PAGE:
Developers think condos' delivery to be timed right

Martha Shelley and Chris Nelson hear the question all the time: With all the condominium development on the books in downtown Reno, isn't the market about to be swamped with supply?

But Shelley and Nelson, whose Capstone Partners LLC plans to bring 185 units to the market, say the raw numbers are only a small piece of the story something like looking at the total number of residential lots approved in suburban subdivisions.

Far more important, they say, is the timing of the delivery of completed housing units.

Their 16-story project at Liberty and Sierra streets, Arterra, is scheduled for completion in mid-2009, about two years after construction begins next spring. Krump Construction of Sparks will be general contractor on the $90 million building.

By the calculations of Capstone Partners, a developer based at Portland, Ore., about 979 downtown condominium units are firmly on track for completion. The status of another 1,080 downtown condo units both conversions of hotel buildings and new construction is up in the air as half a dozen projects appear to be delayed or uncertain.

Taking the calculations a step farther, Nelson and Shelley figure that the other projects all are scheduled for completion in this year as well as 2007 and 2008.

That leaves Arterra as the only currently announced downtown project with units for delivery in 2009.

During the planning and construction of Arterra, Capstone will be marketing the condominiums to potential buyers that include move-down buyers who want less hassles with home ownership, second-home buyers who want a location in Reno and active young purchasers who want to be part of the downtown arts scene.

"People crave social interaction," says Nelson. "It's one of things that urban neighborhoods provide."

Units will be priced from the low $300,000 to more than $1 million for penthouses.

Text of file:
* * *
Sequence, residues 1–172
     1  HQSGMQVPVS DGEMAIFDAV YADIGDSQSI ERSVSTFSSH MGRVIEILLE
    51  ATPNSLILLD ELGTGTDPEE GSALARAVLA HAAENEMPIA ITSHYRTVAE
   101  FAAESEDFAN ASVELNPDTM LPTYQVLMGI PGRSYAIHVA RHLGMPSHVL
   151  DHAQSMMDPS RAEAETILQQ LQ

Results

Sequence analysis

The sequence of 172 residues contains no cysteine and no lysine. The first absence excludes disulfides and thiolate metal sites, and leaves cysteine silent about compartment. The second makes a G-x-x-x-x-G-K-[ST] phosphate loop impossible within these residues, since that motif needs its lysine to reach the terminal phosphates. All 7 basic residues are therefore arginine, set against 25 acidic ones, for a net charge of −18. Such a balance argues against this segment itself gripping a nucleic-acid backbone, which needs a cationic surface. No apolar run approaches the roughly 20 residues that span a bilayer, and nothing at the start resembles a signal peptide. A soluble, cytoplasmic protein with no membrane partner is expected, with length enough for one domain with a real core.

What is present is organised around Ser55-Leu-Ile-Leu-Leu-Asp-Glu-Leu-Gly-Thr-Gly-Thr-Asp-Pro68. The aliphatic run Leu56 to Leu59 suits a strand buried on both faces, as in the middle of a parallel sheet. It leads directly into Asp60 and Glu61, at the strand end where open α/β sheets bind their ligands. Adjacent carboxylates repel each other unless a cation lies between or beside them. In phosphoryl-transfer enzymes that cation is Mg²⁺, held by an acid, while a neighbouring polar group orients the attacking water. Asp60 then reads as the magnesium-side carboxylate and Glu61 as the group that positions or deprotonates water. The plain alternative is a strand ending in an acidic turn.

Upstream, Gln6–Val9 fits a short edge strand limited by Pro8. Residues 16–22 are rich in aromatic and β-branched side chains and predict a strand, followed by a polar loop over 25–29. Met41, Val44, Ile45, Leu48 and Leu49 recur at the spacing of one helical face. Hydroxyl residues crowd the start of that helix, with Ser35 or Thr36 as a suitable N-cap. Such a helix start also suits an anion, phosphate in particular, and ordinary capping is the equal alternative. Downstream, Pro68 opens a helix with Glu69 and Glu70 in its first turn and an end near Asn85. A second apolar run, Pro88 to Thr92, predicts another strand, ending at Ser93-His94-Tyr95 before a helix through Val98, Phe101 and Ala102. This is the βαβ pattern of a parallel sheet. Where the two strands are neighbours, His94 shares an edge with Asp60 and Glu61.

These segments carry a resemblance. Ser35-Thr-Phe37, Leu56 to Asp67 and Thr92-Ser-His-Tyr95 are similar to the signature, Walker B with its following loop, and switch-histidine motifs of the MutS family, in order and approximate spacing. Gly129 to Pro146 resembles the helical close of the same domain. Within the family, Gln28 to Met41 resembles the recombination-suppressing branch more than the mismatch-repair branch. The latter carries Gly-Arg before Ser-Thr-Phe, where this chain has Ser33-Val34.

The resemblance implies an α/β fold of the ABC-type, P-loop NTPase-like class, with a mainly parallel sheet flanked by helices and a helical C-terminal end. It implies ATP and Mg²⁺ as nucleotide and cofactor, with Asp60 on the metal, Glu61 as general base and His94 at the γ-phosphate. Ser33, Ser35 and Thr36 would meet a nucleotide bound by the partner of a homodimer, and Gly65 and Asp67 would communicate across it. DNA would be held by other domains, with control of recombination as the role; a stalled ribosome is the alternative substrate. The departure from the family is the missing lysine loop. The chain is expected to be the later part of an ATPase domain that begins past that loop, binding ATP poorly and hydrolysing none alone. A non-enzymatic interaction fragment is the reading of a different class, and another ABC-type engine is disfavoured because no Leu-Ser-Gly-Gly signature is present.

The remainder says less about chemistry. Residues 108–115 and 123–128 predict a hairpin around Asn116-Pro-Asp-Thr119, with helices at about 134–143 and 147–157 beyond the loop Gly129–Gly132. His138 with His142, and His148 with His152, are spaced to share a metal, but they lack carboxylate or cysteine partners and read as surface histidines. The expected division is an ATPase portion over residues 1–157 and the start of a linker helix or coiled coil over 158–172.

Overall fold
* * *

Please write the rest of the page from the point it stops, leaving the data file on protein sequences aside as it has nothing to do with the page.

Since Capstone took control of the property about 18 months ago, Nelson and Shelley looked at a variety of potential uses including an office tower before settling on residential condominiums.

Shelley notes that residential projects are more complex than office construction, partly because the interior design is more complicated.

And she says, "All ground-up development is difficult in the current market. There is no such thing as a slam-dunk development deal."

One of the challenges faced by Capstone has been getting the attention of potential investors and bankers for its projects in northern Nevada.

Because many work only in major metropolitan markets, Nelson says, they're not willing to look at northern Nevada development deals.

While that limits the potential pool of funding sources for Capstone's projects in Reno, it also means that the company faces less competition from national developers who view the market as too small for their projects.

Two years ago, Capstone partnered with NBS Real Estate Capital of Portland to buy the Museum Tower office building at 100 W. Liberty. That's directly across Liberty Street from the Arterra project.

Capstone also is developing the 218-unit Village at Idlewild Park, a condominium project on nine acres next to Idlewild Park in downtown Reno.

Along with the condominiums, Arterra is planned to include ground-floor retail.


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